The government action brings more discomfort than actually collaborates with the progress of management of common resources in the surrounding the National Park of Serra da Bodoquena. It has generated a succession of mistakes, such as on not defining an effective procedure of regularization and compensation of the areas assigned to the park, or in not developing an integrated policy of productive alternatives in face of environmental constraints. We can be assume that changes in the institutional framework and evolution are occurring despite government action. In all ways, it has contributed to the barriers, leaving the actors on oppositions arising from lack of clarity of public institutions, which transforms the National Park of Serra da Bodoquena and its surroundings in an arena action vulnerable to decisions that do not always benefit the collective management of common resources. Such management has been motivated and driven by other institutions, not governmental, in this case, rooted in cultural livelihood of farmers.

Conclusion

At this moment, the research has shown two sides playing for its interest on governing the commons resources in the National Park of Serra da Bodoquena, one aiming environmental issues, other aiming productive issues, and the economic perspective has gained ground on the dispute over the management. The group headed by The Federation of Agriculture and Livestock of Mato Grosso do Sul (FAMASUL) is strongly imposing its point of view and conducting the deliberation process.

The case of National Park of Serra da Bodoquena has another problem, as long as lasts a non-agreement on governing the commons, the costs for the community becomes higher and for the commons sometimes irreversible, resulting in a "tragedy of the Commons" due to interference of powerful groups on imposing its interests over the collective benefits. Another way, the debate is open, but until what point, what moment in time? The commons can no longer wait for ten years or more.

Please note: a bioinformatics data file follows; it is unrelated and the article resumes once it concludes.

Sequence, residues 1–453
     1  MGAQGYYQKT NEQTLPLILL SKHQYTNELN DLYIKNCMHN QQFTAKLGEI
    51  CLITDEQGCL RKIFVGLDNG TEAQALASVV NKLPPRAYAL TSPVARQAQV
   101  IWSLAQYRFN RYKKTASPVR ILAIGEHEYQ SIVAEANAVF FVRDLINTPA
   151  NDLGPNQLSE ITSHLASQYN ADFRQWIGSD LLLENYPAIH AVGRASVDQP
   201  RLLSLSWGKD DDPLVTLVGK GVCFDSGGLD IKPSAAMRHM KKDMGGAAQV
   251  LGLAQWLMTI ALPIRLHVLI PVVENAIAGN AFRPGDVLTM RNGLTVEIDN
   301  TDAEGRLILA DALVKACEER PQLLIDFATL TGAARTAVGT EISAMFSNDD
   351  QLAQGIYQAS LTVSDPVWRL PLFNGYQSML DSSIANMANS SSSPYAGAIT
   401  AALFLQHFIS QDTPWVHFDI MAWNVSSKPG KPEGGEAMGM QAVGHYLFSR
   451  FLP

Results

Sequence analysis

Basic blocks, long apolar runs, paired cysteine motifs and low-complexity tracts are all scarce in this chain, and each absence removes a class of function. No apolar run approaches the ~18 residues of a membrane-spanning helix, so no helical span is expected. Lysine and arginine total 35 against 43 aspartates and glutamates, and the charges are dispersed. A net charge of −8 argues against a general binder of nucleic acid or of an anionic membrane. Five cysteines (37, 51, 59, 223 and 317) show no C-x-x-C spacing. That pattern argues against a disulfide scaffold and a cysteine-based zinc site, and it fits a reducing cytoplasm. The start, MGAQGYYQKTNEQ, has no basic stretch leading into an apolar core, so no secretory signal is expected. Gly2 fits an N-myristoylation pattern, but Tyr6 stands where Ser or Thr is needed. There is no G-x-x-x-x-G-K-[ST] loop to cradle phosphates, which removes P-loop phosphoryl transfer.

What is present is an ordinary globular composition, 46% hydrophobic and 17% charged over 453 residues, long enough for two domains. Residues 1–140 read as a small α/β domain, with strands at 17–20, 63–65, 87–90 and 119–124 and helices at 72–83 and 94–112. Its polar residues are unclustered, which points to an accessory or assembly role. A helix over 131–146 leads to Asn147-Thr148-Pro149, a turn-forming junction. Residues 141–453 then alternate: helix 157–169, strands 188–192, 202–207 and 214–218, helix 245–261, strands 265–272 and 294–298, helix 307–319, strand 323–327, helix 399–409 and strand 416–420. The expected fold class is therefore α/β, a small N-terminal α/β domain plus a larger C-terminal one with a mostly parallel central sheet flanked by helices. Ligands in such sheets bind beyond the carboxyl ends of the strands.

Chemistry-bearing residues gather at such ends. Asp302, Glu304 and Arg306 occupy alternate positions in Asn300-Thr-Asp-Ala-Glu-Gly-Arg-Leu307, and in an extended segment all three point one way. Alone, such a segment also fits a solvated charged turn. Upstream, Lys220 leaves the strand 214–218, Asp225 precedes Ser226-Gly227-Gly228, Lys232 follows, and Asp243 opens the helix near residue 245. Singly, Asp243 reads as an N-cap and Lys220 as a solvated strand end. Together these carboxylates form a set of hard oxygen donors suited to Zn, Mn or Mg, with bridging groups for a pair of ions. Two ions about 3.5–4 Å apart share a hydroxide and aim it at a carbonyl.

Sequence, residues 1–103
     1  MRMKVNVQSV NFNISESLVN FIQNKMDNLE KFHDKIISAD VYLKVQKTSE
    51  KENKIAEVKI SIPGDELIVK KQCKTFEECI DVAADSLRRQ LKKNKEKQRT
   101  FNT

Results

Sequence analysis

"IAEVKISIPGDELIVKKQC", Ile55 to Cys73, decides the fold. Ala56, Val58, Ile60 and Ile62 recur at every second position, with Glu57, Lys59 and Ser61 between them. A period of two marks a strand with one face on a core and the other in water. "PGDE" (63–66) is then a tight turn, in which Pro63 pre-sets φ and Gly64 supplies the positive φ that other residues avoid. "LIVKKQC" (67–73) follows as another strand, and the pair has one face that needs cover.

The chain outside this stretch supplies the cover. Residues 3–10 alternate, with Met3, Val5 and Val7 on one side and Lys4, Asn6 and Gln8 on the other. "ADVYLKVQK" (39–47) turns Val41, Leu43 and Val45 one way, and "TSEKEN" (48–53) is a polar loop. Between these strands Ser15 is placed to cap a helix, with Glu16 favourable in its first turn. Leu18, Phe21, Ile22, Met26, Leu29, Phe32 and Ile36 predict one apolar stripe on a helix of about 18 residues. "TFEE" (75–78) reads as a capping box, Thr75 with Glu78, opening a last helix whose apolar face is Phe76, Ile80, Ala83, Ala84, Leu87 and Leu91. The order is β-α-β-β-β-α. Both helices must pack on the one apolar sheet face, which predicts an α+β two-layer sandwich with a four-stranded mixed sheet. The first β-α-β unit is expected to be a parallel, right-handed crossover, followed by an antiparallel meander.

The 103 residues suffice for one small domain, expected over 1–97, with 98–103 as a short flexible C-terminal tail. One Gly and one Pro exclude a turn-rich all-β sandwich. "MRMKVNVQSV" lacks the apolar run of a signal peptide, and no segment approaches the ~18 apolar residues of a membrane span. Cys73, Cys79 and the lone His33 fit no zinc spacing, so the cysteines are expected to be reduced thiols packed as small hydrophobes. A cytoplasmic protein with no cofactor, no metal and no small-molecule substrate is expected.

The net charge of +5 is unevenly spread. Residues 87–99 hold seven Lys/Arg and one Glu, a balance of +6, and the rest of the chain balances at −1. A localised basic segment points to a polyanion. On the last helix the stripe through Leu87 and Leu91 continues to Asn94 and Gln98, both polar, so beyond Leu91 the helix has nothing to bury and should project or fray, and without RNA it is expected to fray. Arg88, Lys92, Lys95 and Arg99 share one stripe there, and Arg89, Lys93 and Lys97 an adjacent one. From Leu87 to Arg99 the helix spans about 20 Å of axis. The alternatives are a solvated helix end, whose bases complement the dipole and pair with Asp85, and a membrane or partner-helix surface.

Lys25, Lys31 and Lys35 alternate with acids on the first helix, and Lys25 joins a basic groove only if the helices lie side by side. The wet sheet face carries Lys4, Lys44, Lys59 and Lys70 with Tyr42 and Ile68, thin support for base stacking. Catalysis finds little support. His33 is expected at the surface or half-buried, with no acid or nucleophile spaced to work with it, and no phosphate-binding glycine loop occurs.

Despite the efforts of the environmental group and government actions towards effective implementation of National Park of Serra da Bodoquena, the commons remains under the control of agribusiness interest's decades after decades entrenched in the culture of the local agricultural production. Under the leadership FAMASUL, which presents a significant technical support, that has made a difference in decisions about the future of the region, this group are drawing on the gaps and loopholes left by legislative and regulatory public agencies, allowing up legal questions about the legality of the Decree of the park's creation.

This study, which is in the first stage, contributes to a comprehensive understanding of institutional problems on governing the commons. It does not cover yet all the possible variables or gives full answers relating to how to conduct the protect areas. Nevertheless, as shown on de the case of the National Park of Serra da Bodoquena, there is still a confrontation of productive and environmental issues, which can be solved by imperative long-term policies (ecological, economic and social) and an accordance of the actors in management and decision making on the areas.

We hope that the results and discussions contained herein concur to a better understanding of the social, political, economic and environmental context in which lies the National Park of Serra da Bodoquena and its surroundings. We are not aiming to defend either position, but to explain their reasons and legal positions in the face of the frailties who are impeding this National Park to become a protected area in its entirety. In this sense, we expect all its conservation areas designed properly can be regularised, a fact that will also affect its surroundings and other actors who depend of institutional clear definitions to the new system of governance for the management of common resources.

References

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1. Acknowledgments: Research supported by Government of State of Mato Grosso do Sul (Brazil), Foundation to Support the Development of Education, Science and Technology of State of Mato Grosso do Sul (FUNDECT-MS), and the Coordination for the Improvement of Higher Education Personnel (CAPES-Brazil)

Received: April 29, 2014; Accepted: July 09, 2016